Francofonia is part documentary, part historical drama and part biography, that recounts the events surrounding the Louvre museum under Nazi-occupied Paris.
The film follows the story of Louvre director Jacques Jaujard (Louis-Do de Lencquesaing) and Nazi Occupation officer Count Franz Wolff-Metternich (Benjamin Utzerath), who are forced to work together in preserving the historical art found in the Louvre, while Paris was under Nazi occupation in World War 2.
The first thing you’ll notice about this film is its unconventional style. Director Aleksandr Sokurov has blended together archival footage, re-enactments, voice-over and artistic overlays and has combined them all in the editing room to tell a story about the world’s most famous art museum, the Louvre.
It’s a unique way to tell the story about the preservation of art that dates back hundreds, sometimes thousands of years, during a period in world history where war is all that was known. The combining of Nazi forces with those in charge at the Louvre was interesting to see – but more so the fact that the Nazi’s were such art lovers, and pulled no stops in keeping the Louvre safe during that time of war.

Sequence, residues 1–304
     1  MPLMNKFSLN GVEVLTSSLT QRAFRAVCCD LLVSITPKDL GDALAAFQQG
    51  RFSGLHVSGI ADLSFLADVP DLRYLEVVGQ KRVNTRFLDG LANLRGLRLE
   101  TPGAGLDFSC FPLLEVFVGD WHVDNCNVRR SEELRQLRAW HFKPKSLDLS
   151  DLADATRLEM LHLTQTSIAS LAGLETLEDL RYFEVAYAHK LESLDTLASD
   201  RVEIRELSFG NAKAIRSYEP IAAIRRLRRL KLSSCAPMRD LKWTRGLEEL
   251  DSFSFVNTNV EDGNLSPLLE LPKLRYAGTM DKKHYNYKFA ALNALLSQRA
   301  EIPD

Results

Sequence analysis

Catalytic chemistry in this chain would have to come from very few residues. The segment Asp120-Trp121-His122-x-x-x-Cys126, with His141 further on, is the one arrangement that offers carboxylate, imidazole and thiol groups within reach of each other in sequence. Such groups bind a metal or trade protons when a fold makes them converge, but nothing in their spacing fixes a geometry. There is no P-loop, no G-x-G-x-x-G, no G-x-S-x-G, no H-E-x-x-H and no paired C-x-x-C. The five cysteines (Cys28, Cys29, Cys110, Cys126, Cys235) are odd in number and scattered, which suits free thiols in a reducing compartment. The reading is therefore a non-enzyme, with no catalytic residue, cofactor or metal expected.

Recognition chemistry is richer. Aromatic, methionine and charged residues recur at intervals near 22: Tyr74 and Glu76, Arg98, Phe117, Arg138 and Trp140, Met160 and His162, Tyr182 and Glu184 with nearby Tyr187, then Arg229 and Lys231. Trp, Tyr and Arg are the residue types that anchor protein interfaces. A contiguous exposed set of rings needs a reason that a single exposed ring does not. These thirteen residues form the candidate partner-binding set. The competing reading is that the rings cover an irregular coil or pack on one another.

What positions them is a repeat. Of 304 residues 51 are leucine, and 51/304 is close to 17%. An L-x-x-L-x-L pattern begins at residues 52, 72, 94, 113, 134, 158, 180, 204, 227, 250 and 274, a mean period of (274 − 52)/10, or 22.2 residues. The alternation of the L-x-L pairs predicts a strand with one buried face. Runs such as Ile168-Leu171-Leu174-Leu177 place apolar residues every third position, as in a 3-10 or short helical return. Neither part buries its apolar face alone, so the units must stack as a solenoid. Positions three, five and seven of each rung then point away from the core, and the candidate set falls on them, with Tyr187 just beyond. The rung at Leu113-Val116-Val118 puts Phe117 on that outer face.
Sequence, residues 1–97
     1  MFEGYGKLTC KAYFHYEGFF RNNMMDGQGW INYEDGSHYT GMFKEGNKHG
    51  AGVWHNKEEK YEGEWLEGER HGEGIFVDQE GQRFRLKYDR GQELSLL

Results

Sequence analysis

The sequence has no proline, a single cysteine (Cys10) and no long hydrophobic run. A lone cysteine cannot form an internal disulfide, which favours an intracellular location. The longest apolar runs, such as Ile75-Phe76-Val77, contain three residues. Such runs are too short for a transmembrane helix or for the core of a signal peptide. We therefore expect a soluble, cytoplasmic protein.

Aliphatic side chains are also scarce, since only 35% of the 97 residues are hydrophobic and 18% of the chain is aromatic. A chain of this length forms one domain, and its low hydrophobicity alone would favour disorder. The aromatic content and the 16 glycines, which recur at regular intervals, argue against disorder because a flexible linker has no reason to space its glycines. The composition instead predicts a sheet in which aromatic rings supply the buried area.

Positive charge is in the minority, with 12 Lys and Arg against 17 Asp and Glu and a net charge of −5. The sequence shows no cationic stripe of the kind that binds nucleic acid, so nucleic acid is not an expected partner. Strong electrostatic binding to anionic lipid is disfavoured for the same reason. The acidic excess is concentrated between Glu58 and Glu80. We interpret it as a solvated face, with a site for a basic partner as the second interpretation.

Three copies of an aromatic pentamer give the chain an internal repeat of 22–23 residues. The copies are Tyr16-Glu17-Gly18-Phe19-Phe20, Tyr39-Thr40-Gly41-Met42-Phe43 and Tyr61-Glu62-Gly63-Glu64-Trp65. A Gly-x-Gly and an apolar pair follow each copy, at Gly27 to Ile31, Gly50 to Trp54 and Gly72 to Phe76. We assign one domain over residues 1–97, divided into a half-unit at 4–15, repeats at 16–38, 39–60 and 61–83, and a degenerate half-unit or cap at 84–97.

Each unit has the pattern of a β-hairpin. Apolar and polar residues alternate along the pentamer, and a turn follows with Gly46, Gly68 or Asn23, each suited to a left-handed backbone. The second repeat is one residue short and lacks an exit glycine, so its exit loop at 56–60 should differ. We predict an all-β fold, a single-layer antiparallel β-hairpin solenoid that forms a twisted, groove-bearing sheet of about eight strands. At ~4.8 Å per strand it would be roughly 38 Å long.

It really goes to show just how important art is in reference to world history and culture, that even the most evil of forces have respect for its significance. Sokurov’s film pays homage to that significance, with the film itself quite obviously being a labour-of-love for the director. Told mostly through the use of voice-over, with re-enactments from the film’s actors as well as appearances by historical figures like Napoleon, Francofonia is not the type of film that will appeal to all audiences.
There isn’t much in terms of entertainment value in this film, however anyone with a love for art will enjoy it, and for those that can appreciate unique filmmaking with excellent direction, and can handle a somewhat tedious subject matter will definitely find the good in this film and appreciate it for what it is.
During production, this film was often rumored to be shot in a single take, making it an ideal sequel to Aleksandr Sokurov’s previous ‘museum film’, Russian Ark (2002). Eventually, a more traditional editing technique was chosen by Sokurov to tell the story.